THC is a compound present in cannabis and because of the effects it can have on the body, several studies were conducted to determine if it helps fight migraines.
In the case of suffering from this condition, it is important to know if the THC present in cannabis can help us to alleviate the symptoms.
What do the studies say?
A frequent one that we can have is: is marijuana analgesic?One of its effects is that it helps us to relax. Thanks to this effect, several studies were conducted to determine whether it can alleviate the symptoms of pain and discomfort caused by migraines.
A team of researchers from the University of Colorado, in conjunction with the U.S. Colorado State Department of Public Health, conducted a study in 2017, where they found that THC can be effective in relieving chronic migraine symptoms.
Patients who received a low dose of THC experienced a significant reduction in pain intensity, frequency and duration of migraines.
Similarly, researchers at the University of Colorado at Boulder conducted an online survey involving 161 migraine sufferers with access to cannabis.
Results showed that 76 % of participants supported the use of cannabis as a treatment for their migraines and 70 % of participants used both over-the-counter analgesics and triptans in addition to cannabis.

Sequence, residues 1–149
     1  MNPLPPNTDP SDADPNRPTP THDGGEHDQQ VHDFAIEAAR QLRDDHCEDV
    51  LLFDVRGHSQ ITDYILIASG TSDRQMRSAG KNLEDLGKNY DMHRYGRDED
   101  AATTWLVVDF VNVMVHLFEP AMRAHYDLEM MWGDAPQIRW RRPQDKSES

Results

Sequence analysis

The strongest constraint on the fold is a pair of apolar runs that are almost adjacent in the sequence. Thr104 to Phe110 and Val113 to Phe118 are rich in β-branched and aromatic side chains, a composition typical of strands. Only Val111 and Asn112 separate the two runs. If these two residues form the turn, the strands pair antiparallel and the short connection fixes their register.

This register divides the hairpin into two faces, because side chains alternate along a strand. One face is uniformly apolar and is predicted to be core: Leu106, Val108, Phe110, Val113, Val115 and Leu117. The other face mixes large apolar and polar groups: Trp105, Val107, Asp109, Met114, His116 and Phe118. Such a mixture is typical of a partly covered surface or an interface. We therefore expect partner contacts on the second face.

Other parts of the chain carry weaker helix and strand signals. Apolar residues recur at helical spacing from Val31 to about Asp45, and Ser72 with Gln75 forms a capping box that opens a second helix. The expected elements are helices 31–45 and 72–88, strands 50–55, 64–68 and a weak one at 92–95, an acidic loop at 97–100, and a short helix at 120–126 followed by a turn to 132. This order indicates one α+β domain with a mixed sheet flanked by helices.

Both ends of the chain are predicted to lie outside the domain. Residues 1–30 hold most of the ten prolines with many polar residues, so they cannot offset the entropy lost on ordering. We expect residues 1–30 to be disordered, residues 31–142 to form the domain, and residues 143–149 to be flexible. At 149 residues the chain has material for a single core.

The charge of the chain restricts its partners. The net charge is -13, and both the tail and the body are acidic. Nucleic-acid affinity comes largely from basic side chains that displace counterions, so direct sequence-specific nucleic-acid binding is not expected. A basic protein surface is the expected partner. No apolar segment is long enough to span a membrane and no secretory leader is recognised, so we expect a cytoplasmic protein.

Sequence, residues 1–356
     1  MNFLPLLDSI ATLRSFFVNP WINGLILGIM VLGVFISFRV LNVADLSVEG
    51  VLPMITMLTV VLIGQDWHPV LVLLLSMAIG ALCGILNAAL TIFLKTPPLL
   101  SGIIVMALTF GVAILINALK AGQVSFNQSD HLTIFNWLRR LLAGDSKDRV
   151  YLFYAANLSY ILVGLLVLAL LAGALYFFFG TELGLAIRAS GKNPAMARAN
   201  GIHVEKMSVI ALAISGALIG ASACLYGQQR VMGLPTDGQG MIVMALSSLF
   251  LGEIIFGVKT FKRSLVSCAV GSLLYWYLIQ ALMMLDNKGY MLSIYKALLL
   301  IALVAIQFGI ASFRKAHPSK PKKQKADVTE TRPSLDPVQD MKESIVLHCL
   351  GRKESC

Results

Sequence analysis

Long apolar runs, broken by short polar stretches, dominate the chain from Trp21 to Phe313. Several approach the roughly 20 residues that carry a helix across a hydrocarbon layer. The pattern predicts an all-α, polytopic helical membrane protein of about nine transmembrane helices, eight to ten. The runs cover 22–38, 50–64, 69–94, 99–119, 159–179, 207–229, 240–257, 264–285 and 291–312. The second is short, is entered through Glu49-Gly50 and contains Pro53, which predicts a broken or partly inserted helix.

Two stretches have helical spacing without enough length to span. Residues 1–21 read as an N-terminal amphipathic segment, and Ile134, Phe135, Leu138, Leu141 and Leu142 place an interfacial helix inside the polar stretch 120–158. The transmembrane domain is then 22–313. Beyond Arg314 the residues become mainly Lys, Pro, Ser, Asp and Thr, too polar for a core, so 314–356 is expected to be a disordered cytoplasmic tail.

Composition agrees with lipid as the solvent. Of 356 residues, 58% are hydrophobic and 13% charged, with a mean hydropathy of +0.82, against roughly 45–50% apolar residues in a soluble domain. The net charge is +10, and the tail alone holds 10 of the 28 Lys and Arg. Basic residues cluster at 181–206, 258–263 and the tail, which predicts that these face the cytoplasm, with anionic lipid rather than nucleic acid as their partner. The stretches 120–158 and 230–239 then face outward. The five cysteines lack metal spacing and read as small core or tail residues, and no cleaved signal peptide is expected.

In addition, these patients reported that their seizures were mild compared to those who did not use cannabis.
Another study by Carrie Cuttler, an assistant professor of Psychology at Washington State University, showed that the use of medical cannabis was able to reduce headaches by 47.3 % and migraines by 49.6 %.
It is important to mention that these studies are small and more studies need to be conducted with larger numbers of participants and in different contexts to be able to state with certainty the efficacy of THC in the treatment of migraines.
Are the results always good?
A study presented at the 73rd Annual Meeting of the American Academy of Neurology suggests that the use of cannabis to relieve headaches may have a rebound effect.
The study, which evaluated 368 people with chronic migraine for 15 or more attack days in a month, found an association between cannabis use and migraine, as well as with the development of rebound headaches or medication overuse headaches.
These medication overuse headaches occur when people with primary headaches, such as migraine, overuse pain medication, which does not occur in people who do not use cannabis.
This shows that the THC in cannabis is not always entirely positive for treating migraines, although other studies show that it has positive effects in relieving the symptoms of the condition.